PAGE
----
Tuesday, August 17, 2004

What's in a Name?

I was adopted at four years old, so I always knew about it even if I didn't always know the significance of it. I spent my few years prior to that in foster care. Growing up, I had a pretty darn good life with my adoptive family- Dad, Mom, and a sister (their natural born child.) In those years, I never really wondered a lot about my birth parents.

Perhaps it was because I had this great family, and we didn't really talk about my being adopted at all. Even when my sister (who is five years older than me) would get mad at me, the one thing she never threw in my face was me being the "adopted one."

The only time I ever thought about it was when people would ask me about my name. Upon adoption, my parents changed my legal name to Saybert, however, they kept calling me Marty (the name my foster families called me) as a nickname. I guess they didn't want to traumatize me too much by making me answer to a different name starting at 3 years old.

Inevitably, on the first day of school every year, the teacher would go through the roll call and say the name "Saybert Johnson." Now as anyone with an unusual name will attest, the first day of school is always tough- especially if the other kids didn't know or remember your name from the year before.

But on the first day of school every year from kindergarten through sixth grade, it would be the same thing:

"Saybert Johnson?" (a couple of chuckles from the kids in the class.)

"It's Marty!"

"I'm sorry?"


"Oh. Is your middle name Martin?"

"No, it's Francis."

"Oh. How do you get 'Marty' from that?"

"You don't. It's just a nickname."

You see, back then it wasn't all that cool to tell people you were adopted. Or at least I knew that my parents didn't think it was a good idea to talk about it. So every year I would play "Marty" off as just a nickname that came out of the blue.

Of course inside, I knew that I was "Marty" because I was adopted. But in all honesty, I never really thought about what that meant to be adopted. It never really occurred to me that I might have another set of parents out there.

By seventh grade, even though the same scenario would happen six times- one for each class- I had gotten really good at getting the "It's Marty!" out as soon as I heard the teacher hesitate in the 'J's". They always hesitated before they would call out "Saybert Johnson" to make sure they were reading the name right, so I always knew that it was my name they were looking at. But now I had a new problem.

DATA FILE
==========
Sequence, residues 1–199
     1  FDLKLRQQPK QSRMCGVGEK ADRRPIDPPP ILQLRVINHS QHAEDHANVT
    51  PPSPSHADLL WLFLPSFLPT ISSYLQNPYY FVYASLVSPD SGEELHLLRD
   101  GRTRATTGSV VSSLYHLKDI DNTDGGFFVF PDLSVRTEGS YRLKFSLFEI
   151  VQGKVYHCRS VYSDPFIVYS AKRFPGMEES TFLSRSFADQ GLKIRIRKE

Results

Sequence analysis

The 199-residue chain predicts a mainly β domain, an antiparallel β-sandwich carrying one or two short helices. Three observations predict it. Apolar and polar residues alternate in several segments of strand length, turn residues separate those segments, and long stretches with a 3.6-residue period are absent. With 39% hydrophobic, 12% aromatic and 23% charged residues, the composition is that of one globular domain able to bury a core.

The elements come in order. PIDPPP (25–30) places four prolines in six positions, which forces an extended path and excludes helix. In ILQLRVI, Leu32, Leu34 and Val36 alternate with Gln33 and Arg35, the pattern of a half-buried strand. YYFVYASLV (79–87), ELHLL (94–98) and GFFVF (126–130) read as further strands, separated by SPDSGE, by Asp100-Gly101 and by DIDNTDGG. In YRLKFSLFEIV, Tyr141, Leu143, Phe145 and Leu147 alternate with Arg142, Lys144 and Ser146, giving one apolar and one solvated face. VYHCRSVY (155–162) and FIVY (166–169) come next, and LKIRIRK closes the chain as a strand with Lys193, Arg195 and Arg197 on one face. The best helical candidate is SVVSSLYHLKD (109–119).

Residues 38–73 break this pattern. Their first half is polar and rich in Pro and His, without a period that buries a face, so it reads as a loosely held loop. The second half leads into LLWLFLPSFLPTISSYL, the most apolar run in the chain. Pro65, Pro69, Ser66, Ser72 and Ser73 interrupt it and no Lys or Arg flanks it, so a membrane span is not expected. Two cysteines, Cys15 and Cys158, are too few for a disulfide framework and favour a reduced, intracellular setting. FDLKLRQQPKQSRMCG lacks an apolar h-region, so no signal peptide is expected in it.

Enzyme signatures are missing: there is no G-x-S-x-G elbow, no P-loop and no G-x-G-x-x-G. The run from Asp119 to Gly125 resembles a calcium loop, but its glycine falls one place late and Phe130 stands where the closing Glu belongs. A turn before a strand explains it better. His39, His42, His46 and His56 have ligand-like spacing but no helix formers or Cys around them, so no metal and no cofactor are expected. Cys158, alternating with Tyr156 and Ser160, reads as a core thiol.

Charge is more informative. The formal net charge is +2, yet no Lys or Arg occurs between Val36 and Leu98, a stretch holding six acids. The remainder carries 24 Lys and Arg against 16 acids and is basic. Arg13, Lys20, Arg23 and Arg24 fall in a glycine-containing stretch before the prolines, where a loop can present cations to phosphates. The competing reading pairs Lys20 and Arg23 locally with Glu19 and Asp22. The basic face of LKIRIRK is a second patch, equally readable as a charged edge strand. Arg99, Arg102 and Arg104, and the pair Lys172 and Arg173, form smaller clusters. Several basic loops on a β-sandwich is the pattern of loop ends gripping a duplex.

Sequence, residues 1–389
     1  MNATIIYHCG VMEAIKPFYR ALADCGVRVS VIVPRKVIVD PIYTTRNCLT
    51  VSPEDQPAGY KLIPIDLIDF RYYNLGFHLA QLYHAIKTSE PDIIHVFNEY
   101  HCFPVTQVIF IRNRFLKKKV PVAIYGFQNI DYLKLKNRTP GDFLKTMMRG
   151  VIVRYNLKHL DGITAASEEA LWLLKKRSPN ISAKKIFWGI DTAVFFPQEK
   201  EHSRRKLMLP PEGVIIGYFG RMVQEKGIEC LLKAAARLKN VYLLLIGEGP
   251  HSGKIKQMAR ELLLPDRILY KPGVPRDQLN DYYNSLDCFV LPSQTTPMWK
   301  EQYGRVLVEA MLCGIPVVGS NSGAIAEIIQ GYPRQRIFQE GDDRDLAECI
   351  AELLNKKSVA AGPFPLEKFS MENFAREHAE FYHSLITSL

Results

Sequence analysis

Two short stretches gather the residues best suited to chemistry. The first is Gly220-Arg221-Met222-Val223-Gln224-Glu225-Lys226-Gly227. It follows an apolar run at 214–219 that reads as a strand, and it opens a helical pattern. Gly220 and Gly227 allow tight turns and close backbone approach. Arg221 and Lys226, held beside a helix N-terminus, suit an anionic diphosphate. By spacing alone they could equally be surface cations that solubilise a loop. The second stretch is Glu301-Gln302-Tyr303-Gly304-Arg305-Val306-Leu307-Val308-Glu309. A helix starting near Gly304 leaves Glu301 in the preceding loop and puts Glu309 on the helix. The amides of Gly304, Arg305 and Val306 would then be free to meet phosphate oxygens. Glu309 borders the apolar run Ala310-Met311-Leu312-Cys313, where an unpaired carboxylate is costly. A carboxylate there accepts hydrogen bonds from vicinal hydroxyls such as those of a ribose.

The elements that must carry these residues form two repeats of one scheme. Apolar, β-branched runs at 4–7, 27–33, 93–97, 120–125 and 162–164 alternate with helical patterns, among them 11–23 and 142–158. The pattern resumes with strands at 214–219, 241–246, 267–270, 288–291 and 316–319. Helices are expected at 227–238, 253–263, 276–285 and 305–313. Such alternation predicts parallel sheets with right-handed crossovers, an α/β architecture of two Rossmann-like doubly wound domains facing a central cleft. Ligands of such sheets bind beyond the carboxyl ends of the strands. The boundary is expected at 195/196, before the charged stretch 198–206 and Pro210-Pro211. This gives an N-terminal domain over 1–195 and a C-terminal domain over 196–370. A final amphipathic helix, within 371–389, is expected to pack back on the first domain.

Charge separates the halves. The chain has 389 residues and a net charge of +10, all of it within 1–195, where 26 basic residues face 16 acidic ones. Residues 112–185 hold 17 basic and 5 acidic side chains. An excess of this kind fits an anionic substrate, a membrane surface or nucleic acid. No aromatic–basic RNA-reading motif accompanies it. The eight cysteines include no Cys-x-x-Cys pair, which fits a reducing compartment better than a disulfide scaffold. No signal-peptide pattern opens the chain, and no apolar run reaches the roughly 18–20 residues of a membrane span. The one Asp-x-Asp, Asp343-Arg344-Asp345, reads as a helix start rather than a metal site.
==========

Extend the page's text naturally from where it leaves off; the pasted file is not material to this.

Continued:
My dad and mom are 5'7" and 5'3 respectively. My sister is 5'2". I am 6'4" as an adult. By sixth grade I was 5'8." Seventh grade- 5'10." Eighth- 6'0." Nineth- 6'3" Needless to say, there was a new question that popped up quite often whenever people would see me with my parents.

"How did you get so tall?"

"My grandfather is tall."

(Thankfully, I had a grandfather who was six feet tall would give me some cover.)

In a way it was true- he was my grandfather and he was tall. He just didn't have anything to do with ME being tall. But still- we weren't talking publicly about my adoption. However, by then, I did think about being adopted every now and then. Probably one or two times a year a curiousity about how I really got so tall would enter my brain. (Perhaps my natural father was tall too?)

Then finally, when I was in High School I made two compromises that relieved me of the burden I was carrying around. First, I stopped correcting the teachers and let the other students who knew me do the correcting for me. Or I would just let them call me Saybert. Secondly, if I did correct them, and they asked me how I got Marty 'from that?" I would say- "that was my name before I was adopted at three, and my parents changed my legal name to Saybert Francis, naming me after my two grandfathers- but they continued to call me "Marty" so they wouldn't traumatize me for life.

Phew. That was a burden off my shoulders. To this day, I still go by Marty and still answer that question the same way as I did in high school.

No comments: